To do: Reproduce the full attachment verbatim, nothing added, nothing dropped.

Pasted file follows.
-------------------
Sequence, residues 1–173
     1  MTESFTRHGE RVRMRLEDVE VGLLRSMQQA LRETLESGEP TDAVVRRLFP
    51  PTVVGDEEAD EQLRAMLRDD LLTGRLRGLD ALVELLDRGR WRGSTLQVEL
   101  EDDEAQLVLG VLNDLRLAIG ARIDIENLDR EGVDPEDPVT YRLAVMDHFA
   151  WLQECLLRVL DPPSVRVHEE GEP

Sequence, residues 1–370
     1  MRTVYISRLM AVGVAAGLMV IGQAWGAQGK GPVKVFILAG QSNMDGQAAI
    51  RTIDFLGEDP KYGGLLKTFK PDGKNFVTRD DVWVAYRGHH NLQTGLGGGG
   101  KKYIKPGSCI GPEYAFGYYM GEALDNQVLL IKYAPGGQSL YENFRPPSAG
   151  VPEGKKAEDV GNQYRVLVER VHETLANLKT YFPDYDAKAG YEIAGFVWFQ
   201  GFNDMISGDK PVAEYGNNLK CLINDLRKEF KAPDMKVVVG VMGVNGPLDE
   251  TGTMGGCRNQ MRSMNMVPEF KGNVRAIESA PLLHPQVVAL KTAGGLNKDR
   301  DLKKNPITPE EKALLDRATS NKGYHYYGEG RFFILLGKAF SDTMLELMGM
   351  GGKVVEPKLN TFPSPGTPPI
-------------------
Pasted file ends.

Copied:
Sequence, residues 1–173
     1  MTESFTRHGE RVRMRLEDVE VGLLRSMQQA LRETLESGEP TDAVVRRLFP
    51  PTVVGDEEAD EQLRAMLRDD LLTGRLRGLD ALVELLDRGR WRGSTLQVEL
   101  EDDEAQLVLG VLNDLRLAIG ARIDIENLDR EGVDPEDPVT YRLAVMDHFA
   151  WLQECLLRVL DPPSVRVHEE GEP

Sequence, residues 1–370
     1  MRTVYISRLM AVGVAAGLMV IGQAWGAQGK GPVKVFILAG QSNMDGQAAI
    51  RTIDFLGEDP KYGGLLKTFK PDGKNFVTRD DVWVAYRGHH NLQTGLGGGG
   101  KKYIKPGSCI GPEYAFGYYM GEALDNQVLL IKYAPGGQSL YENFRPPSAG
   151  VPEGKKAEDV GNQYRVLVER VHETLANLKT YFPDYDAKAG YEIAGFVWFQ
   201  GFNDMISGDK PVAEYGNNLK CLINDLRKEF KAPDMKVVVG VMGVNGPLDE
   251  TGTMGGCRNQ MRSMNMVPEF KGNVRAIESA PLLHPQVVAL KTAGGLNKDR
   301  DLKKNPITPE EKALLDRATS NKGYHYYGEG RFFILLGKAF SDTMLELMGM
   351  GGKVVEPKLN TFPSPGTPPI